Clients are usually very concerned about what the filing of a bankruptcy will do to them in terms of publicity. For individuals, this concern is usually about having friends, neighbors, and relatives learning of their financial difficulties. But for businesses this concern can be about much more than vanity or embarrassment.
Businesses going through a reorganization have to be concerned about how the news will affect relationships with a number of key stakeholders. These interested parties include principal lenders and creditors, suppliers and vendors, employees, and the public at large.
We want to be prepared with a clear and consistent message that will support our reorganization efforts. We work to create and develop a message strategy that will aid us in our legal efforts.
Each of the stakeholders is likely to be addressed somewhat differently. We need to be able to respond to the particular questions and concerns of each.
Principal Lenders and Creditors. Usually these parties will be aware of the problems, and often of the coming reorganization. We are talking here about those lenders and creditors that are vital to our client’s business. We need to make sure they are comfortable. We need to assure them that our success is probable or even a certainty. They need to know when and how they will be paid and that their interests are and will continue to be protected.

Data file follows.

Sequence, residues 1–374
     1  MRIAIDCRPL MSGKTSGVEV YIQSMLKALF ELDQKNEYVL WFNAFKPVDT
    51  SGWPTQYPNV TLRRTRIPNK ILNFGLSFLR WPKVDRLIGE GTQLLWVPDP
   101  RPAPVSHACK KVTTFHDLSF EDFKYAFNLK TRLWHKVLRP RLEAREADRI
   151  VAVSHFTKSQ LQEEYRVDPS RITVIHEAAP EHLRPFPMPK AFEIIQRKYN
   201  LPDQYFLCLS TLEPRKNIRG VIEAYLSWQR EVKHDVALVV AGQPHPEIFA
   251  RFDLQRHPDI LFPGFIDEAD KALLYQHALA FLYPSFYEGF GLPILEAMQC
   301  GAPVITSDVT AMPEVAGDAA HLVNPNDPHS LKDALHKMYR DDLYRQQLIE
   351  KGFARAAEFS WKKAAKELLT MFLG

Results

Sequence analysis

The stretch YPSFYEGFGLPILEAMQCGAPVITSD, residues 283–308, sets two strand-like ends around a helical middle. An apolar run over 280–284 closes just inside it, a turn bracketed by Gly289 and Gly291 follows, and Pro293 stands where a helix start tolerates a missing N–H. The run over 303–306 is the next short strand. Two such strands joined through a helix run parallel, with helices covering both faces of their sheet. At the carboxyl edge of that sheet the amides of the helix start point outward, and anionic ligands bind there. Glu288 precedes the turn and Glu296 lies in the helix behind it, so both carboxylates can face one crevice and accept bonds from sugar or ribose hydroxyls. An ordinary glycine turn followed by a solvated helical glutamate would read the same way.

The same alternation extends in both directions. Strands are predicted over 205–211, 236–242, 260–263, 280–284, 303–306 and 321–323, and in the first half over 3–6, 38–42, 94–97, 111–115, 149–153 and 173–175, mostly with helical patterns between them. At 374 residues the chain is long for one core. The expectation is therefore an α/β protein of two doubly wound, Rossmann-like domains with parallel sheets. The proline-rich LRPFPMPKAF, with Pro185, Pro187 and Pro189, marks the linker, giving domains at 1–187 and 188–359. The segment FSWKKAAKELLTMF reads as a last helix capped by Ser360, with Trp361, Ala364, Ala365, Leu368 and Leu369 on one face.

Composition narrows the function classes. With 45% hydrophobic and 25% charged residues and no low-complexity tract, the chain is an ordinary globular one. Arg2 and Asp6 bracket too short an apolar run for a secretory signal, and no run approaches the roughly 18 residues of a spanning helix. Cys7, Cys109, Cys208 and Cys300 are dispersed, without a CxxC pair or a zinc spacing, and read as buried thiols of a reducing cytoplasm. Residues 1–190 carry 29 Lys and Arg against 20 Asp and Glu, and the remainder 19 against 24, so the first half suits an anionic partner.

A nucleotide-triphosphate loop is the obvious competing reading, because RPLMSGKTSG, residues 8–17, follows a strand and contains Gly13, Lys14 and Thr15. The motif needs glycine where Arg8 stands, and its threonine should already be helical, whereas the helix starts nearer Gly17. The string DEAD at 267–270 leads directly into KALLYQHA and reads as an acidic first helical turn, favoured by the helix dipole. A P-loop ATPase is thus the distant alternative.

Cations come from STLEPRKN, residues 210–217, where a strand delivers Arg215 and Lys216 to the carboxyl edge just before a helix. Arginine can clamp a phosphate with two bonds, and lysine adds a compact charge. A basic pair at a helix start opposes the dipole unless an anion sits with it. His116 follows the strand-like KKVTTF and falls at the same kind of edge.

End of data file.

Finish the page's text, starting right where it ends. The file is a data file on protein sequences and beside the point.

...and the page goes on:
Our goals are to keep them as members of our collective effort and to avoid the costs and adverse relations of litigation. This often means they need to be informed early and continually.
Suppliers and Vendors. The goal in addressing these stakeholders is to maintain the continued delivery of vital goods and services. There are lots of legal options for providing them with the assurances they may want. Communicating those options can be key to continuing the flow of goods and services without disruption.
Employees. The business likely cannot operate without its employees. The goal is to keep all critical employees and to avoid any mass exit.
Unless employees have proper assurances that their jobs are not soon to be lost, they will almost certainly leave, and quickly. The reorganization plan needs to be shared with employees early. They need to know that their pay is safe and that their benefits will continue. For most of our clients, the employees know full well that the business is suffering or even in trouble. They now need to know that the reorganization effort is in good hands. They need to believe that the reorganization will succeed.
General Public. For many businesses this is not much of a concern. For others, it can be. The public can be addressed through press releases, email campaigns, and direct mail. Questions about gift cards, layaway, and future purchase returns should all be addressed. For some businesses, warranty and maintenance concerns are the big issue. We have also had cases in which avoiding publicity was the best approach. By changing the name of the corporation before filing, we by and large avoided any publicity about the filing itself.
Communication done well can be very valuable to a reorganization effort. Give proper consideration to your message. Define that message and convey it in a way that will promote your reorganization effort.